Wednesday, December 17, 2014

7 Lessons in Sports Photography with Ginger Snaps

Amber Zewert is a freshman at Iowa State University studying Art & Design, who started her own photography business: Ginger Snaps. I first saw Amber's photography on Facebook years ago when she started taking pictures of sporting events at her school. Having just received a new camera myself (Nikon D3200), and watching many of my fellow gym moms and dads take a ton of fantastic photos of their kids' events, I knew I had a lot to learn.

We started with the camera. Amber started with a Nikon Coolpix her sophomore year of high school, but says, "today I use a Canon EOS T3i Rebel and I love it. It is way more fancy than my point and shoot camera I started with... I use [a] longer lens (75-300mm) for sports shots and I use the short lens (18-55mm) for senior portraits." Use the appropriate lens for the appropriate venue. Lesson #1!

Whether shooting sports or senior portraits, she really looks for photos that are unexpected or caught in the moment. When it comes to sports, she says, "I look for those team hugs, an arm around the shoulder when the coach is talking to a player, or a player helping an opponent get up after being knocked down. Those are the images I really like to get because sometimes they get over looked, and when people see these images they just love them." I love Amber's focus on unique images. Lesson #2 - catch the "stolen moments" as often as possible.

Lesson #3 - "You don't need a fancy camera to take awesome sports pictures or pictures of your kids in general. It just takes practice and time." Don't expect to get the perfect shot every time. Be patient. Amber says, "It takes practice and it also helps to read up on some photography blogs or Pinterest posts if you have questions, because there are tons of people out there who have more experience or a broader knowledge and you can always learn more." That is totally lesson #4 - take time to learn from those around you; ask questions if you need help.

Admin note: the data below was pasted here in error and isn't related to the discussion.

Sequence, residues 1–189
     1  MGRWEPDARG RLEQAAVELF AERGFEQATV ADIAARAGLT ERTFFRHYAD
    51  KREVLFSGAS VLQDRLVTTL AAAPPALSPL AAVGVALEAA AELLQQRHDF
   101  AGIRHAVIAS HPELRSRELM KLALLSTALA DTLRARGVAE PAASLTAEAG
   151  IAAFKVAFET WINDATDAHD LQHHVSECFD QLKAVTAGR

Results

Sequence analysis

What started with taking pictures at volleyball games in high school has turned into a brand. After taking senior pictures for a friend, Amber decided she needed a name. Her mom suggested AtoZ (Amber Zewert), but she opted for Ginger Snaps. In addition to senior portraits, Amber has taken the team softball pictures for the CAL Cadets for two summers, and her photography adorns the walls at CAL CSD, as well.

I wanted to know what challenges to expect. Amber said that, "when taking action shots... you can't just take one photo and think it will be the best photo ever. No, you have to take multiple photos just to get that one good shot you really want." So to me, that means lesson #5 is to hold the button down when taking action shots! Amber mentions that clicking away to get the right shot "makes going through photos after a game tedious and long." Though she doesn't mind it - "it's like watching the game or photo shoot all over again."  Lesson 6 - deal with it; "you will get the one shot you truly want and it will all be worth it in the end."

Finally, I asked Amber what her all-time favorite photo was. She found one in particular that really stood out for her. She tells the story, "I was at an away game supporting my school's football team senior year and I was on the sidelines taking pictures for the yearbook... When I went through [the] images that night I saw one that caught my eye. It was one of my classmates and I don't know what it was but it just really stood out to me because it was just him and the opposing team's crowd blurred in the background and it became one of my favorites." The photo went on to win first place in the conference art show after she edited the photo to a black and white. Amber chose to make it black and white "because I love a good black and white photo and everything seems to look much more clean and crisp. I believe it also allows you to focus on the subject more than anything else." So lesson #7? Editing can make a good picture great! My favorite it, but then I'm not a professional, by any means.

Thanks, Amber! I have a lot to learn, but I can't wait to apply these lessons to my own photography!

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